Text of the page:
I felt betrayed by the medical industry, which had told me to exercise more and eat less and now was telling me I was hurting myself. Wasn’t I only following their instructions?

by Kitty Stryker

(Content warning: discussion of eating disorders)

Whenever I dare to take up space in public, I am immediately policed for being fat. Fat people are, after all, lazy, grotesque, unintelligent, morally corrupt, laughable — we are the worst that could happen if you “lose control.” I am doubly damned for being a woman who is fat, my thick thighs and wobbly upper arms in defiance of a culture that tells us that pleasing the male gaze is not only about making life easier, but surviving it at all.

I am reminded of my fatness every time I leave the house, most often by people who claim to be concerned for me. Strangers prod at the groceries in my basket with shaking heads and “tsk”ing tongues. Going out for dinner with a slender partner means an hour of defending myself against pointed side-eyes. Talking to my psychiatrist to gain access to much-needed medication leads to being encouraged to crash diet — and threatened with loss of my prescriptions if I don’t. Talking to my doctor about pain in my knee and lower back, pain I can trace back to injuries dismissed by years of medical professionals, only leads to lectures about heart attacks and weight.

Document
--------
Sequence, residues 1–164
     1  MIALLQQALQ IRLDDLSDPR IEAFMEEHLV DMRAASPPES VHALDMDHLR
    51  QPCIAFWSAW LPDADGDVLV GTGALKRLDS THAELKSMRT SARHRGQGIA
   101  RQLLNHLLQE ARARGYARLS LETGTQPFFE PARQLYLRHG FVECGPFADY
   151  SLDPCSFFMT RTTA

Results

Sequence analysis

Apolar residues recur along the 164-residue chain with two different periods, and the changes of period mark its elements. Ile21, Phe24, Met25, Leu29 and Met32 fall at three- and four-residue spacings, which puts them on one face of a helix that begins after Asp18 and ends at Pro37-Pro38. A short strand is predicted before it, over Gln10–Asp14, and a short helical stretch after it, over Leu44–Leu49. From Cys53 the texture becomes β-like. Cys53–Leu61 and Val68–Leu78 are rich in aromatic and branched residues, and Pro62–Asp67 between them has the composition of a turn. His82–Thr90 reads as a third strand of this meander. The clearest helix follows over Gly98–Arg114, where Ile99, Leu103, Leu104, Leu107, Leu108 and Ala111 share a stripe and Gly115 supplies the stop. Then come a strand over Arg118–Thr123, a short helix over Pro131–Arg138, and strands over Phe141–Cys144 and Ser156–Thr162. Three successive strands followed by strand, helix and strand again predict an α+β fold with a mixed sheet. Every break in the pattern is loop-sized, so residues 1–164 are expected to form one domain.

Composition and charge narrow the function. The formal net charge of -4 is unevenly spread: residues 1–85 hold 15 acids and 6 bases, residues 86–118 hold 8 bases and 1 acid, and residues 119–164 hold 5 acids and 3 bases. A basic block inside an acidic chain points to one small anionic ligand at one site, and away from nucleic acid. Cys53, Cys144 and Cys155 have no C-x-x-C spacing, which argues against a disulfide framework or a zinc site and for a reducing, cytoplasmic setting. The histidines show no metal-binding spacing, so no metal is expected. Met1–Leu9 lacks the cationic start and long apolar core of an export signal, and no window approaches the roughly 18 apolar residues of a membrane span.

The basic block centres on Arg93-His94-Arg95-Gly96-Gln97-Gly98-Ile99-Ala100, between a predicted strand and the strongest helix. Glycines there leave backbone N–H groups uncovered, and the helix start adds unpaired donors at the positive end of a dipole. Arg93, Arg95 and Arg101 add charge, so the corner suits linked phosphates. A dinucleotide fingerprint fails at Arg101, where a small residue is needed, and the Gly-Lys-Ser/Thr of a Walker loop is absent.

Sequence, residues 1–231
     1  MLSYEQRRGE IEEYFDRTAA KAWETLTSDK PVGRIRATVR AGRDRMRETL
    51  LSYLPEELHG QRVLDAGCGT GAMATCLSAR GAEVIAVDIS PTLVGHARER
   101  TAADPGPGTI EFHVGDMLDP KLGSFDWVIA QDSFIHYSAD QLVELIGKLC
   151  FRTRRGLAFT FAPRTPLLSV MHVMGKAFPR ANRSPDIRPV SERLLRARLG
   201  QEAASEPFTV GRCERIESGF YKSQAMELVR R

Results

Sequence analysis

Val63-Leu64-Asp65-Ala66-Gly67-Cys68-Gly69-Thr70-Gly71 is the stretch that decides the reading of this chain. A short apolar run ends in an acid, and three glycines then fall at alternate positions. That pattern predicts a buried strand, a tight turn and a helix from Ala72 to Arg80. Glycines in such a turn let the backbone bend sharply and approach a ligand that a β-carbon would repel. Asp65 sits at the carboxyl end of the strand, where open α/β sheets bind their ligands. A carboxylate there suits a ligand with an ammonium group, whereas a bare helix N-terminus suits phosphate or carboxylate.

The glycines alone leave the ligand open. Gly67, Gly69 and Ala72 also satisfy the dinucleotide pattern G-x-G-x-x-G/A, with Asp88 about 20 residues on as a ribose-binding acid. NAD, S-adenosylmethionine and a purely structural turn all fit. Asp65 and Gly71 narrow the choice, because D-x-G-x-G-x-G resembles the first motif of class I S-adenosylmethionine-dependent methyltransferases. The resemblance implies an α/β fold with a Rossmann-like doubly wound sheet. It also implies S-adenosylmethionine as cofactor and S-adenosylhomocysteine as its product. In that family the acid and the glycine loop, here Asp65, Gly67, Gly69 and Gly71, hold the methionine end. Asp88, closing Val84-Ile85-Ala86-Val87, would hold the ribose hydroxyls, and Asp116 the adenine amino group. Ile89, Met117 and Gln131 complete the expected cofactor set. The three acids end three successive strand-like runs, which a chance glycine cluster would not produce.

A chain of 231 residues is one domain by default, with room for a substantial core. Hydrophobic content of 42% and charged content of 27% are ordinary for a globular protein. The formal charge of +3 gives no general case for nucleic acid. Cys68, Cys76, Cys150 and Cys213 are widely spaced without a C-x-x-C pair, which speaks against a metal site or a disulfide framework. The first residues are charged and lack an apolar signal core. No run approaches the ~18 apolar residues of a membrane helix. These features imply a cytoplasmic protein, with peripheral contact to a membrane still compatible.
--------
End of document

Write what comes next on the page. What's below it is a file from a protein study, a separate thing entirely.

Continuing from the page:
I am 33 years old and I still feel safest eating in a private room, alone, behind a closed door.

The first time I policed my eating was when I was a pre-teen. I was always good at pushing myself to ignore physical needs in order to keep doing an activity, especially if I felt pressure to complete a job. I wasn’t raised with snacks, so I learned to ride the waves of hunger with ease, aware that while my stomach may feel pangs now, in an hour of focusing on something else I would forget and the pain would subside. Later, when I was raped, being able to compartmentalize how my body felt, and to push on, became vital to my emotional survival. What was initially a simple endurance test became necessary for stabilizing my mental health.

Related: 10 Things Fat Babes With Eating Disorders Need You To Know

I learned about anorexia through other teenage girls. I didn’t read a lot of magazines or watch much television, but I could see the impact of media on the girls around me who counted calories and refused to eat in front of boys. My weight was pretty average until I started anti-depressants. I learned fast that it was far more preferable to be miserable and thin over fat and emotionally stable. I had long mastered the practice of ignoring my hunger.

As my body expanded to look like my mother’s and my grandmother’s, I blamed myself for not being controlled enough. I had self-discipline down to an art form, and could get through a week on less than 1000 calories a day. I saw examples of people who had lost drastic amounts of weight by combining very low calorie diets with intense exercise, so I would work out as often as I could. There was a period of time I would exercise until I literally collapsed, then get up the next day and do it again.